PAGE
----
SINGAPORE - The parliamentary committee looking into the conduct of former Workers' Party (WP) MP Raeesah Khan will meet again on Monday (Dec 20) — the deadline for three WP leaders to respond to a summons to provide documents.
Hearings held by the Committee of Privileges have revealed that after Ms Khan lied in Parliament on Aug 3, she confessed to WP chief Pritam Singh, party chairman Sylvia Lim and vice-chairman Faisal Manap at a meeting on Aug 8.
They reached an explicit, collective decision for her to come clean only on Oct 12.
On Nov 1 in Parliament, Ms Khan admitted in a statement that she had lied about accompanying a sexual assault victim to the police station, and revealed her own sexual assault 10 years ago as a student.
These are the facts agreed by Ms Khan as well as Mr Singh, Ms Lim and Mr Faisal in their testimonies. But where they differ is the explanation on why it had taken almost three months for Ms Khan to come clean.
Here are the key areas where their accounts differ.
How did party leaders react at Aug 8 meeting?
What Ms Khan said:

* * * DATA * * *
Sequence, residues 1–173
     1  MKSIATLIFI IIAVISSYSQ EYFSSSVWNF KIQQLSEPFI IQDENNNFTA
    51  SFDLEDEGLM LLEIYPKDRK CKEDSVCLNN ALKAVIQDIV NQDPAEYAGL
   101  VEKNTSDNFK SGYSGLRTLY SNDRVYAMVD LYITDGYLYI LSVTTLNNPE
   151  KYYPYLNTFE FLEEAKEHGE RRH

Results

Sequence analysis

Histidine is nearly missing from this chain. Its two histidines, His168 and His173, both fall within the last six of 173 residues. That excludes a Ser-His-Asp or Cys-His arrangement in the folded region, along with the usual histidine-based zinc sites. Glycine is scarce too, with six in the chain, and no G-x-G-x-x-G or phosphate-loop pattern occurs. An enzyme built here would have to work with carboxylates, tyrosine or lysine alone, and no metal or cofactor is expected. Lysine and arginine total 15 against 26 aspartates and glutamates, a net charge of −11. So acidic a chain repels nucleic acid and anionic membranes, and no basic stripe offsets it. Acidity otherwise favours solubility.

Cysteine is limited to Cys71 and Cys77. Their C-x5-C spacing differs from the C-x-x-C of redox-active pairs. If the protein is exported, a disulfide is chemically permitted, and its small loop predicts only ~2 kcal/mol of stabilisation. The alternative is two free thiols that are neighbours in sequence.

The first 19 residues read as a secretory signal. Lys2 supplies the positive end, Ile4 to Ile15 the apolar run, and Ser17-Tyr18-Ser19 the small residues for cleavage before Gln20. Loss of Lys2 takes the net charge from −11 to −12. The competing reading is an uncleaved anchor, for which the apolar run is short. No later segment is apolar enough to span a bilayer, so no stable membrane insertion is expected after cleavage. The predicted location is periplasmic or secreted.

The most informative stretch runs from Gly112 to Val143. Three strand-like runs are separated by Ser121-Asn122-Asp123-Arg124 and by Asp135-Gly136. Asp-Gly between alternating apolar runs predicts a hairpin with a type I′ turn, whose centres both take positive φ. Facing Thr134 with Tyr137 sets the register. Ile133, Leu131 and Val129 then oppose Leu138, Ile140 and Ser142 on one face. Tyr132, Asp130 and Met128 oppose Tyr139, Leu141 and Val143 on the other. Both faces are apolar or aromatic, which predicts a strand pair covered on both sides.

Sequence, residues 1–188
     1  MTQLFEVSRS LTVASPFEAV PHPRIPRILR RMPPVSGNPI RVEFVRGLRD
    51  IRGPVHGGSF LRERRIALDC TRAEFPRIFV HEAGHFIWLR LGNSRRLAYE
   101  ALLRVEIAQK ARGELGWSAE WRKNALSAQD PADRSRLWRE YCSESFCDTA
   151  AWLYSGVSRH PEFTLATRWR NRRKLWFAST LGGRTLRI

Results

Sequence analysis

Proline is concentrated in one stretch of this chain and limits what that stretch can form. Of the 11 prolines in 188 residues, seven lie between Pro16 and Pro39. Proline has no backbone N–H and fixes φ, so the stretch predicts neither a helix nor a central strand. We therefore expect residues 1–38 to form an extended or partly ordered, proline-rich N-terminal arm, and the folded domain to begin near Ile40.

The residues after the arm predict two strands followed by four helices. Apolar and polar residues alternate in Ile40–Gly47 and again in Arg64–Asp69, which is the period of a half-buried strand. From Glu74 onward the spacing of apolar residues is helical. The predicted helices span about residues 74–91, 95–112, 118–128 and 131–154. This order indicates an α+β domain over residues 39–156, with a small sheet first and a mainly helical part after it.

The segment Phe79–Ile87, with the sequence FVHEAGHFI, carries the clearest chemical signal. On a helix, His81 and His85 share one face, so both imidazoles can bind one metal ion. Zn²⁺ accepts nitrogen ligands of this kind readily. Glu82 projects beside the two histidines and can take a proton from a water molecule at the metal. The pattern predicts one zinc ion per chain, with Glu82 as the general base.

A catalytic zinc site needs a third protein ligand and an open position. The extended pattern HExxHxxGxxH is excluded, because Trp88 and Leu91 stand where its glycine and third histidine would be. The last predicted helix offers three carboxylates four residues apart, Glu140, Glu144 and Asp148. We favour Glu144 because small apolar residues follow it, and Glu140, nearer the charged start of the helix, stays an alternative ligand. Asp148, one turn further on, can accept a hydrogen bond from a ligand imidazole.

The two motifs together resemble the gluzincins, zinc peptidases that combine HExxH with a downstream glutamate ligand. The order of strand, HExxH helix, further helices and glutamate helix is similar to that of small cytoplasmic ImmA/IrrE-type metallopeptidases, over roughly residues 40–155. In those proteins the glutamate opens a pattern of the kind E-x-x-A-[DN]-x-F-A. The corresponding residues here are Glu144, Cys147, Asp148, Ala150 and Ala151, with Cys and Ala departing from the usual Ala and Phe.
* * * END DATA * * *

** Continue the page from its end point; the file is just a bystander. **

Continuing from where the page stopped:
Ms Khan said Mr Singh had called a meeting with her, Ms Lim and Mr Manap on Aug 8, the day after she confessed to him about her lie. The meeting was held in Mr Singh's home.
Coming clean at the meeting, Ms Khan told them she had heard the anecdote at a support group which she attended as a victim, revealing that she had experienced a serious sexual assault when she was 18 years old and studying in Australia.
Asked how the leaders reacted, Ms Khan said there was "incredible disappointment".
She added during her testimony on Dec 2: "There was a lot of anger. But I think there was some compassion there as well."
As to what the leaders told her to do about the lie, she said: "The reaction was that if I were not to be pressed, then the best thing to do would be to retain the narrative that I began in August.
"Shortly after the meeting ended, Ms Khan sent a WhatsApp message to WP cadres Loh Pei Ying and Yudhishthra Nathan to update them. She told them that the three senior WP leaders had asked her to "take the information to the grave".
What Mr Singh said:
The Leader of the Opposition said he first heard about the lie on Aug 7 when Ms Khan called him. He had asked if the anecdote she related was true, and she said "no". It made him so incensed that he hung up on her.
"I was really angry. I cut the call," he told the committee.
It was after this phone call that he arranged for the Aug 8 meeting.
Mr Singh has categorically denied any instruction for Ms Khan to continue with her lie, and said at a hearing on Dec 10: "This rendition of what has happened is a complete, utter fabrication. It's a lie. It's... a bare lie."
He told the committee there was no discussion with Ms Khan about the lie at all at this meeting, because the party leaders were "more focused on her wellbeing, given the state that she was in".